The Citizens for Independent Living have honored two South Brunswick residents for their dedication to community service with the annual Barry Indik Memorial Award. The award honors individuals who have shown outstanding dedication, service and friendship to the South Brunswick community.
This year's honorees are Ellen Gambatese, wife of South Brunswick Mayor Frank Gambatese, for her work with the South Brunswick Public Library and the community development block grant program, among other volunteer projects; and Jamie Rainey, a resident and member of CIL who's being honored for her extensive volunteer work with the rescue squad and senior citizens in town.
"(Gambatese) has done so much for South Brunswick with her service to the library and as part of the block grant committee," said CIL President Jessie Parker. "Jamie does a lot of work with seniors and with the Monmouth Junction First Aid Squad. The type of service they've both given to South Brunswick makes us all proud, and we're also proud to be able to recognize one of our CIL members."
The CIL began in 1984 as a community-based, non-profit organization with the mission of empowering developmentally disabled adults to live independent, productive lives in the community. One of CIL’s primary goals was housing, and it developed a clear direction through the efforts, energy and expertise of the late Dr. Indik. The award is a tribute to his work to improve the lives of all people in South Brunswick.
"Barry Indik was a man who involved himself in the community," said CIL Director Linda King. "He participated and gave of his time and expertise. The Barry Indik Award symbolizes the essence of everyone’s ability and obligation to be involved and give back to the community in which you live."
Gambatese said she is humbled and grateful to receive the annual recognition for service to South Brunswick.
"Having a son myself who is a traumatic brain injury victim and who has limited capacity, I think the CIL is an excellent opportunity for these individuals to flower," she said. "Who can't help but be impressed by an organization like the CIL? I'm being acknowledged by an organization like this, when it's me who admires them. They're acknowledging me for my efforts, but I acknowledge what an exceptional project they've undertaken and have been very successful at."
Gambatese credited all of the people who have been involved in her various community service projects, from the block grant program for organizations that serve low-income, disabled and senior groups; to her work sending aid to D’Iberville, Mississippi, a town devastated by Hurricane Katrina.
"It's quite an honor, but I wouldn't have been able to do any of this if it weren't for the people who helped me," she said. "None of these things have been done in isolation. There was always a great team behind me, so this award is just as much for them as it is for me."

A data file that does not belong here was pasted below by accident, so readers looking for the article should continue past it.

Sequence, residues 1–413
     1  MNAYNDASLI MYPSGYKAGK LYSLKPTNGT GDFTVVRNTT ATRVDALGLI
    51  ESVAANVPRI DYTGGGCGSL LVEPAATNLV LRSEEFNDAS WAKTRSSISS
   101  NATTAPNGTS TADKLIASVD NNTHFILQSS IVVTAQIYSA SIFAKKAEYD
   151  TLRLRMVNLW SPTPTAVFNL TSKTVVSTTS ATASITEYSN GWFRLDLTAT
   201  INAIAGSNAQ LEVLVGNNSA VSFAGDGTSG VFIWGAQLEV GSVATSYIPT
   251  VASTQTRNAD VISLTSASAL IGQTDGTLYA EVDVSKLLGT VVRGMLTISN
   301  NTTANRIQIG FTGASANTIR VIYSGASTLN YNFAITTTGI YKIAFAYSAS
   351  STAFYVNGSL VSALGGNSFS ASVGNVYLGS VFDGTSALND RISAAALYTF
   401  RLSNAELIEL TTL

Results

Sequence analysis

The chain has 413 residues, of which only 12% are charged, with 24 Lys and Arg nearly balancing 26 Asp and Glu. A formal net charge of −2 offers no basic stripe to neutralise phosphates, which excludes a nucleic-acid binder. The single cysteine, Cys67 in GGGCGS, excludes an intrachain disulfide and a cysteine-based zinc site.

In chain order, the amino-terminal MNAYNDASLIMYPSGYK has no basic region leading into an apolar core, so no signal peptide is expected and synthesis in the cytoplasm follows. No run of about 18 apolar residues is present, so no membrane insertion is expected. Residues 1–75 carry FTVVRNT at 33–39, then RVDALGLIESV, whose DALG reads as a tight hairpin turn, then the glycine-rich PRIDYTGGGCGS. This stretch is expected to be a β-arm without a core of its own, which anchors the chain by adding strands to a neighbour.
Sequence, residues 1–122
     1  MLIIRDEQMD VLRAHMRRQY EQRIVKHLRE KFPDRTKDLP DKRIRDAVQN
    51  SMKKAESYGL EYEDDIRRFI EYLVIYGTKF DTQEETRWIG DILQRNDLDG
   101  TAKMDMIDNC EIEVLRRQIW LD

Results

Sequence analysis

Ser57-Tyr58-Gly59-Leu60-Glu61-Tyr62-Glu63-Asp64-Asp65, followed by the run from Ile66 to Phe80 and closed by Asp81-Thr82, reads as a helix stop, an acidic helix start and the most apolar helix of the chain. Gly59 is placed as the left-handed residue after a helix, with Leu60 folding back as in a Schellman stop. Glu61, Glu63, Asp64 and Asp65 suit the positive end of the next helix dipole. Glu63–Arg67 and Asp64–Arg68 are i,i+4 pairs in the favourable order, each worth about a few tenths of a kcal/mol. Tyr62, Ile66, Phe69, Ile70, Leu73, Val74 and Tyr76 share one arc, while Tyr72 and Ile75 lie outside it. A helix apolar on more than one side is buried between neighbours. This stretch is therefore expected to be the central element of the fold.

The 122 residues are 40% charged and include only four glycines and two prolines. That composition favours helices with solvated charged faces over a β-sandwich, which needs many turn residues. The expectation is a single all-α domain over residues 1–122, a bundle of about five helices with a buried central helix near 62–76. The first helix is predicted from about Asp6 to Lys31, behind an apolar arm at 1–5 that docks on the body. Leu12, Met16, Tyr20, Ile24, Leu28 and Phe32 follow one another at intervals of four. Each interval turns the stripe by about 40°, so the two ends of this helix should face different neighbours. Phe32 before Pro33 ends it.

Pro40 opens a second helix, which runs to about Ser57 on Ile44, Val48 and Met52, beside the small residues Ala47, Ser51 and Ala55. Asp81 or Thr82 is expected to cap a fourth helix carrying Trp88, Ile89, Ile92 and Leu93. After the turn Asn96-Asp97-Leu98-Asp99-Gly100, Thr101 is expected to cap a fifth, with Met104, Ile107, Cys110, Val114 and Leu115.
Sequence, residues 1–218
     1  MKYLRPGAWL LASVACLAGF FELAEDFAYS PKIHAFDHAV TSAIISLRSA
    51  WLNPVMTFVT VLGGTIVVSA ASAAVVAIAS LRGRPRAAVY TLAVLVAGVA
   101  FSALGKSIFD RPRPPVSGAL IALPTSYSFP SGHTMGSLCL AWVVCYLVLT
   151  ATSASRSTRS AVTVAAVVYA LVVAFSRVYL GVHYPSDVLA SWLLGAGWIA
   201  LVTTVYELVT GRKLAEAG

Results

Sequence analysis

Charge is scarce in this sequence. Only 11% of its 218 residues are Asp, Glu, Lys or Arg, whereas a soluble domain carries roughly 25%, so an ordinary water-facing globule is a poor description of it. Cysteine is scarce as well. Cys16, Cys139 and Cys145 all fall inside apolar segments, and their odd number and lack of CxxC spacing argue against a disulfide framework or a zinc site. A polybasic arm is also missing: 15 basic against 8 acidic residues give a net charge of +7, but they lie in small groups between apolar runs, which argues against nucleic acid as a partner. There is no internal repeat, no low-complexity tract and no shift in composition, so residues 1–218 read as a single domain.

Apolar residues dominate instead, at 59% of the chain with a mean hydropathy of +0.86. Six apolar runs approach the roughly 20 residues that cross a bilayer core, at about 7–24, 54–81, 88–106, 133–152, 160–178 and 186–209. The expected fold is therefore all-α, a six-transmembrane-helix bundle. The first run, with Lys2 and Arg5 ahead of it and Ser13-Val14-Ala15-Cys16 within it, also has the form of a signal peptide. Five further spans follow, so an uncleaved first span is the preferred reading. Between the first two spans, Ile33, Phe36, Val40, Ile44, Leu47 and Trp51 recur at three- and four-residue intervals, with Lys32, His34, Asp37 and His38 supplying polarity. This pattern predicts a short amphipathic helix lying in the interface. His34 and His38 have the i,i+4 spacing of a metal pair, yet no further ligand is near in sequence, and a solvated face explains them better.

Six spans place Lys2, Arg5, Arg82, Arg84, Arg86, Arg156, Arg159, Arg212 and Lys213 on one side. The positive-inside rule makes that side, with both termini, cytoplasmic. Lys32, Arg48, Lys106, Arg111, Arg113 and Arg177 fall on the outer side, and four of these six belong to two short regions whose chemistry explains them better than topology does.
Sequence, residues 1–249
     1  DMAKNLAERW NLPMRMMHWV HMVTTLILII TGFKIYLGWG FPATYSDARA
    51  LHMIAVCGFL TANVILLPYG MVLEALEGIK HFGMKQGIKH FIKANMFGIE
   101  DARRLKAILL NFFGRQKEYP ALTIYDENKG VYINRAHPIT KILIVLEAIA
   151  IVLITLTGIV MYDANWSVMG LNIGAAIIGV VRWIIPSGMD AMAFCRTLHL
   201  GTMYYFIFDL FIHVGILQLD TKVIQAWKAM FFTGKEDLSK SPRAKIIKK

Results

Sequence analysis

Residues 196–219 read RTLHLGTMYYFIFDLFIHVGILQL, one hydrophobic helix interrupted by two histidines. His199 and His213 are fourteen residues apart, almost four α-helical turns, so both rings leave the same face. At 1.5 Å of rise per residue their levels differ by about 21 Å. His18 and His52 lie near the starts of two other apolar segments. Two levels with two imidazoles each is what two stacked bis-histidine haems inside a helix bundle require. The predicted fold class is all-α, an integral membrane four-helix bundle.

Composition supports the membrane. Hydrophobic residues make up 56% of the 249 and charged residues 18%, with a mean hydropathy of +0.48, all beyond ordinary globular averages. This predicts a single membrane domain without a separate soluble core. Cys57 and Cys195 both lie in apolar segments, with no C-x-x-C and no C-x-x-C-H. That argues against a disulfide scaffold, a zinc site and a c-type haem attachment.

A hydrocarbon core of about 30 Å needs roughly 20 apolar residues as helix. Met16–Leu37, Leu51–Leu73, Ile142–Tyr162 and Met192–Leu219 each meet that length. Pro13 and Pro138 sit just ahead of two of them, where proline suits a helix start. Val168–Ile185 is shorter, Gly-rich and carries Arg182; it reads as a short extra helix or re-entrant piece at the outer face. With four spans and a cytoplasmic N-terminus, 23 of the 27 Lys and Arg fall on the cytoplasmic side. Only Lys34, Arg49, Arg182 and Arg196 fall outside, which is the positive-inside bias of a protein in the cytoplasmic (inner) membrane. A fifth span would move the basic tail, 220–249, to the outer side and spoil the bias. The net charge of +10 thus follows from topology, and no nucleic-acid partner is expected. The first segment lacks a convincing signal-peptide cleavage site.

The Indik Award to Rainey represents a chance for the CIL to honor a person who best exemplifies what the mission of the group is all about.
"(Jamie) gives back not only to the CIL community, but to the community of South Brunswick," King said. "We first met Jamie many years ago. She was a friend of one of the residents at CIL Woods who had been diagnosed with cancer. Jamie arrived every night to nurse and care for her friend, often spending the night helping her go to the bathroom, getting her meals, comforting her when she could not move. It was through her efforts that the resident could remain in her home surrounded by her friends up until the last days of her life.
"Shorty after the death of her friend, Jamie moved into CIL Woods. She has a developmental disability, but that has not hampered her ability nor desire to be of service to her community."
Rainey has been a member of the Monmouth Junction Rescue Squad for the last nine years, is one of the first people to respond to any call and always shows up day or night to assist in any way she can, King said.
"The squad can count on her to always be there when needed and do any job that might be assigned," she added.
Rainey is also an active volunteer at the Oak Woods Senior Community. King said that Rainey visits with the residents to assist them with laundry, running errands and helping with everyday tasks. Rainey is currently working with the social worker at Oak Woods to set up training and to assist residents with the newly installed Nintendo Wii game.
"(Jamie) greets every senior with a smile and a genuine offer of help," King said. "Jamie demonstrates that regardless of our situation in life, it is important for everyone to be involved and give back to the community. She sets an example for all people to treat everyone with dignity and acknowledgement of their value regardless of their situation or 'disability.'"
The awards will be presented at CIL’s Annual Independence Ball on Saturday, November 5, at the DoubleTree Hotel in Princeton. The event is also the biggest fundraiser of the year for the CIL, which relies on community donations to fund its programs.
Tickets for the event are $60, and can be purchased by calling the CIL at 732-355-0620. For more information email firstname.lastname@example.org.